AMD Tonga GPU: New Features
Below we have a block diagram of AMD’s new Tonga GPU. The chip is fabricated on TSMC’s 28nm process node and features approximately 5 billion transistors. The die size is about 359mm2, which is ever so slightly smaller than Tahiti’s 365mm2, even though Tonga packs in about 700 million more transistors. If you recall, Tahiti is the GPU that powers the Radeon HD 7900 series and R9 280 and R9 280X.
Why would AMD release a new GPU that’s roughly the same size and falls in the same class as its predecessors? Because AMD has incorporated some new technologies into this chip that enhance graphics processing and video performance, and more efficiently utilize memory bandwidth.
As it is implements on the Radeon R9 285, the Tonga CPU has 1792 stream processors arranged in 28 compute units, with 112 texture units, and 32 ROPs. And the memory interface is 256-bits wide. At reference clocks, the Radeon R9 285 offers up to 3.29 TFLOPS of compute performance, with a texture fill-rate of 102.8GT/s and a pixel fill-rate of 29.8GP/s. But the Tonga GPU actually features a total of 32 compute units and 2048 stream processors. And there’s speculation that the chip may have the capability to support a 384-bit memory interface. The moral of the story is that while the Radeon R9 285 may be the first graphics card powered by Tonga, it likely won’t be the most powerful. A full implementation of Tonga will probably arrive at some point, perhaps after NVIDIA shows its next hand.
Versus the Radeon R9 280, the Radeon R9 285 offers vastly improved geometry and tessellation performance. The R9 285 can process four primitives per clock cycle and has roughly 2 – 4x the tessellation performance of the R9 280. These enhancements come by way of a more potent front end that is similar to the Hawaii GPU used in the Radeon R9 290 series.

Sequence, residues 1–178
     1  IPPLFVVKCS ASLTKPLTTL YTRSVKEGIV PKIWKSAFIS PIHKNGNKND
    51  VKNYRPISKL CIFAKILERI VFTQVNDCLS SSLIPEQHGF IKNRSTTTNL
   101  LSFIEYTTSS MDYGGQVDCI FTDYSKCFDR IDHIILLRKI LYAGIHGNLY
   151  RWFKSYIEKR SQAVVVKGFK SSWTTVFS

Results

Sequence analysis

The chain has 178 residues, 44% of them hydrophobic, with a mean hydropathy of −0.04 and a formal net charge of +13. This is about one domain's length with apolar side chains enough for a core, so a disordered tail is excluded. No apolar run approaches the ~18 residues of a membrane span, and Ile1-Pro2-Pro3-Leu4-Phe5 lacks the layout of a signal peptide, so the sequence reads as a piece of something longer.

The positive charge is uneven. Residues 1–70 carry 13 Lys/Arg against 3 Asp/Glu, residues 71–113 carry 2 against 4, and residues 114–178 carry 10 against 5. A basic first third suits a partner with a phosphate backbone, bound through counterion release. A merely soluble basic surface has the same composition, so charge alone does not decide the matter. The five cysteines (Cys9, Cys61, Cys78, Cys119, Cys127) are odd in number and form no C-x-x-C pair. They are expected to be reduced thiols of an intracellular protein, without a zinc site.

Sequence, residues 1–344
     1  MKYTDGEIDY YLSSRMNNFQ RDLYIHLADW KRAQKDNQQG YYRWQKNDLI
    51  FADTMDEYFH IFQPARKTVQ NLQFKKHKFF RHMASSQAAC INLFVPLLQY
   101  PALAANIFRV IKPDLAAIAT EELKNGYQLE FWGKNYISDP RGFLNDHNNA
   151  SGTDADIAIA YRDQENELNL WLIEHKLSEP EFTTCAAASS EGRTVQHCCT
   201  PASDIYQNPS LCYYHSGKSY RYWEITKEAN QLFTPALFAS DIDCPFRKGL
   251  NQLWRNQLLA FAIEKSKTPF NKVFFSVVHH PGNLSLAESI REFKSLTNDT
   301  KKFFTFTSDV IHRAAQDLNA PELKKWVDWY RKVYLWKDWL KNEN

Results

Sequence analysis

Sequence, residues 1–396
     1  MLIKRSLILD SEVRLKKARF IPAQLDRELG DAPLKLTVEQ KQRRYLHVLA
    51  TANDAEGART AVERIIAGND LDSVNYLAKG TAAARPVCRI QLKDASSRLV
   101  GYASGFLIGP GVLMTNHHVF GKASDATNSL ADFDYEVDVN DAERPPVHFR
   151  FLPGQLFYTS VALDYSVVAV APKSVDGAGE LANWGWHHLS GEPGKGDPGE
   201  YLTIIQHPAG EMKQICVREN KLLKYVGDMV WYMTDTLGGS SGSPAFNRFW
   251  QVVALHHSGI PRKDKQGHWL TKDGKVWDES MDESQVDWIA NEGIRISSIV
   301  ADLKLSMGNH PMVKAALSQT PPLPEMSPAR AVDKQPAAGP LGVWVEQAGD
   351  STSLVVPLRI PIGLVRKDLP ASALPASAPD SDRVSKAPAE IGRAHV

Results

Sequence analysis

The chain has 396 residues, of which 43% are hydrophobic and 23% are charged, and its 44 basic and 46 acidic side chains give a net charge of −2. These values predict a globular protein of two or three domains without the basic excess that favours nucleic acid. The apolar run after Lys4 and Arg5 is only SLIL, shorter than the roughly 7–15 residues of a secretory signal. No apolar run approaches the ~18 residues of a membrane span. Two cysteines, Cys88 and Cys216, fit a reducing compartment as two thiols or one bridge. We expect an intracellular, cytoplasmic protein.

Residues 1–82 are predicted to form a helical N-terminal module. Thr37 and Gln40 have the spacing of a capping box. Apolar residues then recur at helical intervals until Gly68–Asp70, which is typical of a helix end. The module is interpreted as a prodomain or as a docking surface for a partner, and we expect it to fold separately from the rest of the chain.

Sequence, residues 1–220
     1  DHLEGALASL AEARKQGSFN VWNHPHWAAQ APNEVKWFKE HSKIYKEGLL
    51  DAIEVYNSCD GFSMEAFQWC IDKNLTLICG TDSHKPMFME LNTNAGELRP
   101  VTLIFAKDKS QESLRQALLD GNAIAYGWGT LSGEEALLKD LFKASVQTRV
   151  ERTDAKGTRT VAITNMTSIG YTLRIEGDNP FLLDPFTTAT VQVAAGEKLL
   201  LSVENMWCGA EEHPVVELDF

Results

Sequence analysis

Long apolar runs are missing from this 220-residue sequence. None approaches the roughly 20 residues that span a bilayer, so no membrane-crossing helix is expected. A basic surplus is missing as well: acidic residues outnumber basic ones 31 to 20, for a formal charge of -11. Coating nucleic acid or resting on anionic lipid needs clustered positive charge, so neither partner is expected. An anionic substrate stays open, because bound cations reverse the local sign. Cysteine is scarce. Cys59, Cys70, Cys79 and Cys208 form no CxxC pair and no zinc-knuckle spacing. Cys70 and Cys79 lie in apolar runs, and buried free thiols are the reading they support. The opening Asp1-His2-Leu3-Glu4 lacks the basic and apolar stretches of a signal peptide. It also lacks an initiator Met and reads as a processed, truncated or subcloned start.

The Tonga GPU used on the Radeon R9 285 has also gained a few new instructions. There are new 16-bit integer and floating point instructions that offer low-power GPU-compute and media processing, SIMD lanes can share data thanks to some new parallel processing instructions, and the task scheduler has also been improved.
Perhaps the biggest change to Tonga in support for a new, lossless color compression technology. AMD is claiming up to 40% higher memory bandwidth efficiency with Tonga. The GPU stores frame buffer color data in this new compressed format, and can read from and write to the compressed data. Though The R9 285’s 256-bit memory interface may seem like a downgrade versus Tahiti’s 384-bit interface, the higher clocks and more efficient utilization of available bandwidth should offset the differences in actual bandwidth somewhat.
Tonga also has an updated video engine which features a higher quality scaler unit. There’s a new pre-scaler that improves the quality of high ratio downscaled media and the chip can upscale / downscale to 4K in real time.
Tonga also gains the updated PowerTune architecture that arrived with the R9 290 series. Previously, a pre-determined power target was used to determine the peak boost clocks of a GPU. If a given workload wasn’t fully utilizing available board power and environmental conditions and temperatures were acceptable, the GPU’s voltage and frequency would be boosted to take advantage of any spare power. The new PowerTune features work in a similar manner, but in lieu of a strict power target they use actual GPU temperature and power targets in their determination of peak boost frequencies and voltages.